After wearing my mask into Hy Vee the other day, I noticed that upon removing my mask outside, I was compelled to take deep droughts of fresh air. I wondered if I had been subconsciously holding my breath because I had a mask on or if my body instinctively was reducing my respiration because it did not want to breathe in carbon dioxide waste that I’d just breathed into the mask. That started me wondering about the health benefits of adequate fresh air.
First of all, everyone knows we need adequate fresh air intake to be healthy, but we don’t usually think about it. More oxygen intake into the human body by breathing fresh air helps the body by removing toxic waste, improving brain function, improving immune functioning and much more. Combined with balanced diet and exercise, breathing clean air helps keep the immune system in tip top shape. A strong immune system can make the body resistant to common infections and diseases including flu, colds, and cough.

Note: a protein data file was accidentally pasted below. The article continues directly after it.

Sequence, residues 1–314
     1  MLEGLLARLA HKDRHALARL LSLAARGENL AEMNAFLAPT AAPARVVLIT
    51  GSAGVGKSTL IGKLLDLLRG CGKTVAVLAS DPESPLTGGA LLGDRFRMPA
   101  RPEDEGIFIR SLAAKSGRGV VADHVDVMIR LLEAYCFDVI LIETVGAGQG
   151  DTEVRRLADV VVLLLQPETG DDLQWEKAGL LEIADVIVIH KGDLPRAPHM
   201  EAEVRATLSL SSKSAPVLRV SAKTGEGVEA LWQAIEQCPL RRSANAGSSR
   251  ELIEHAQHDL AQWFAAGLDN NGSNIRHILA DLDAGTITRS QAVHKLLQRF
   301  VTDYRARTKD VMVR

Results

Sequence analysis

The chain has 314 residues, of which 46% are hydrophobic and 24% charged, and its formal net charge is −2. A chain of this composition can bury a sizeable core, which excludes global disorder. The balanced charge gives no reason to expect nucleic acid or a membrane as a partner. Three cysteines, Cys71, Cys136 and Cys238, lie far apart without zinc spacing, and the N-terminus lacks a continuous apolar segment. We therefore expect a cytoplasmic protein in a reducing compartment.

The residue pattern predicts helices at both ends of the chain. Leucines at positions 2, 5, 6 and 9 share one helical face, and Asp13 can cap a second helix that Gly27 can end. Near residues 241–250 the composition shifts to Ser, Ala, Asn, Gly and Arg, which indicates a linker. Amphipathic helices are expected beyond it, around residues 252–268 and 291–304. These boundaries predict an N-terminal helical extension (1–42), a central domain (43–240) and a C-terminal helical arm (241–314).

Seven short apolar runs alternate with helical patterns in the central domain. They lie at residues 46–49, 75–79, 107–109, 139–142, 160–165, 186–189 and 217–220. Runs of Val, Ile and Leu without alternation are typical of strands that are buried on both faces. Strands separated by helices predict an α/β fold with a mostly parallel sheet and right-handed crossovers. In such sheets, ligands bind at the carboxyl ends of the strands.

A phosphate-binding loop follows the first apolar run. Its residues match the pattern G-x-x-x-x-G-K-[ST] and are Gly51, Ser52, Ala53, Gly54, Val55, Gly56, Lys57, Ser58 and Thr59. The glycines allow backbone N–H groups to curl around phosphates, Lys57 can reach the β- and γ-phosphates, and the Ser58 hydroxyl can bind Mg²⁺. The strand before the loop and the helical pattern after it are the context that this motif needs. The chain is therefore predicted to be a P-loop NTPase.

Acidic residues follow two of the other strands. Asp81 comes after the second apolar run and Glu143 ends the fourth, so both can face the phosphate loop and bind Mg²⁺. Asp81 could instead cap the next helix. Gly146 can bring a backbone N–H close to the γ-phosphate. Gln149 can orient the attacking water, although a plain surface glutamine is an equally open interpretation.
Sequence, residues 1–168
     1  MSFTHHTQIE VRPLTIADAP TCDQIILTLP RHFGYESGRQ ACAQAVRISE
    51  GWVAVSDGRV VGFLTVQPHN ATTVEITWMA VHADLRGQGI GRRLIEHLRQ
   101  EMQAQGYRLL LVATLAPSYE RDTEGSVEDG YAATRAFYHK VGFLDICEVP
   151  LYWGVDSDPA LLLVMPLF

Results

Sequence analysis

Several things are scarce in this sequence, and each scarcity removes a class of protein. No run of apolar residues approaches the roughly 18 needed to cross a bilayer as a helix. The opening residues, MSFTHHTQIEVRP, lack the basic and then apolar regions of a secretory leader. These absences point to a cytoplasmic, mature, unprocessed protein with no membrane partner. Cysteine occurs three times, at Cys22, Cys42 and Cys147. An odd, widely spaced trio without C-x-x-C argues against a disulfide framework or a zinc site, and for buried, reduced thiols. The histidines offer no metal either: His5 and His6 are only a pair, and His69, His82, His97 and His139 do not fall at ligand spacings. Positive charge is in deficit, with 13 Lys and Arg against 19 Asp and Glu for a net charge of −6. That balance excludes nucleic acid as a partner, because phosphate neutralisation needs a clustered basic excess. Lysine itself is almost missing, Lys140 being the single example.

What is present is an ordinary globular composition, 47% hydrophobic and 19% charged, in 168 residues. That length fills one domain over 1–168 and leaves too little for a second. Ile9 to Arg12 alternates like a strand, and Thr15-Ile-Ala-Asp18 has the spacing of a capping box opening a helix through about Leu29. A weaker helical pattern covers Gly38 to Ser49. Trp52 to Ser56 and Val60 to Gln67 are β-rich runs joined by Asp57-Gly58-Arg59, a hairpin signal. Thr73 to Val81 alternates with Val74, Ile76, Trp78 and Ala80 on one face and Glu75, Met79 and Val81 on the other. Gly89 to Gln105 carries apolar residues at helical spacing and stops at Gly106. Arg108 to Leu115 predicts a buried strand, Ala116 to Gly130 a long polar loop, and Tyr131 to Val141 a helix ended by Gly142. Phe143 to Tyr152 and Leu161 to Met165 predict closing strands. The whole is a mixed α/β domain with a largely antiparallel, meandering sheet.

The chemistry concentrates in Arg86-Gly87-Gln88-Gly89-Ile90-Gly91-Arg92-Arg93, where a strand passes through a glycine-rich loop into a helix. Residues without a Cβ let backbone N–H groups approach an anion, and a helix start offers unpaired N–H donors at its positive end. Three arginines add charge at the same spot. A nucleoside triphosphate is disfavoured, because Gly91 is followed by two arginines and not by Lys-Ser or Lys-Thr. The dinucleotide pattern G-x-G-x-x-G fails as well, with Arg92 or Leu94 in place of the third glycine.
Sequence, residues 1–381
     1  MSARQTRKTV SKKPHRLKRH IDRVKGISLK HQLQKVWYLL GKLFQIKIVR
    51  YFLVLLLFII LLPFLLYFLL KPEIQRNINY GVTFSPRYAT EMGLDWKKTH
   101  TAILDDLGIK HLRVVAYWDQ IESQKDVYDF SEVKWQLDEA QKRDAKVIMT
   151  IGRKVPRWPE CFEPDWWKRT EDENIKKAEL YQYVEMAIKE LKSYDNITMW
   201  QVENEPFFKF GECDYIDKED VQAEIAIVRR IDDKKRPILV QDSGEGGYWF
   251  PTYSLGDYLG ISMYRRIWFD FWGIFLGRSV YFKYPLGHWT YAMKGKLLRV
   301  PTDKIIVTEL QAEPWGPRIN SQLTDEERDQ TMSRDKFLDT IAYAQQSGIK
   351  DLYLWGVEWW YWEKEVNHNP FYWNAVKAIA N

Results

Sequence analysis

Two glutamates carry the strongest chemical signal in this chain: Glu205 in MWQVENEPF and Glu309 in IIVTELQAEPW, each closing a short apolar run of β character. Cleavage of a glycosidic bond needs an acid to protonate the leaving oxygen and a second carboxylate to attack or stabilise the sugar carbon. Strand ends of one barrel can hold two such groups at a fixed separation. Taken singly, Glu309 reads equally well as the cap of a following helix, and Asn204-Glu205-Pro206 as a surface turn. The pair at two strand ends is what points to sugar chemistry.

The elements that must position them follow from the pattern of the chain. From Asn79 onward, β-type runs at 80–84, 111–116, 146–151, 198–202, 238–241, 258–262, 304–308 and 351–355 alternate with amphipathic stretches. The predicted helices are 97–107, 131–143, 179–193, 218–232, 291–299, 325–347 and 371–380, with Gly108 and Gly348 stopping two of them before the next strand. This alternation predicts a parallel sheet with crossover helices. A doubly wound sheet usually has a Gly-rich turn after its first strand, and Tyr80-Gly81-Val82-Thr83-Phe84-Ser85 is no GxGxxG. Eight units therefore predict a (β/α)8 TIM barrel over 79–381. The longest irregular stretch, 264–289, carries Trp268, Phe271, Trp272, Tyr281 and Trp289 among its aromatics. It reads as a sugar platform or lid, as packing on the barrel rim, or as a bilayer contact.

Almost every virus, fungus, parasite, and many bacteria do not thrive in oxygenated environments. In 1966 the Nobel Prize winner Otto Warburg demonstrated that the key condition for the formation of cancer is lack of oxygen at the cellular level.
Even though Dr. Fauchi said on the TV Show 60 Minutes that the great majority of us do not need to wear face masks if we aren’t actively showing signs of sickness, many are required to do so by social pressure or job requirements. Since that is the case, it becomes important to be aware of the value of fresh air and take steps to improve our intake during those times when we can take the masks off.
So to just boost health or to offset the detrimental effects of having fresh air restricted in any manner, it seems wise to consciously take many deep breaths of fresh air when possible as another way to support our own immune system health.
Think of it as a fresh air supplement.
This information is for educational use and not intended to diagnose or prescribe or replace the advice of a health professional. These statements have not been evaluated by the Food and Drug Administration.
Jeanette Barcus, CNHC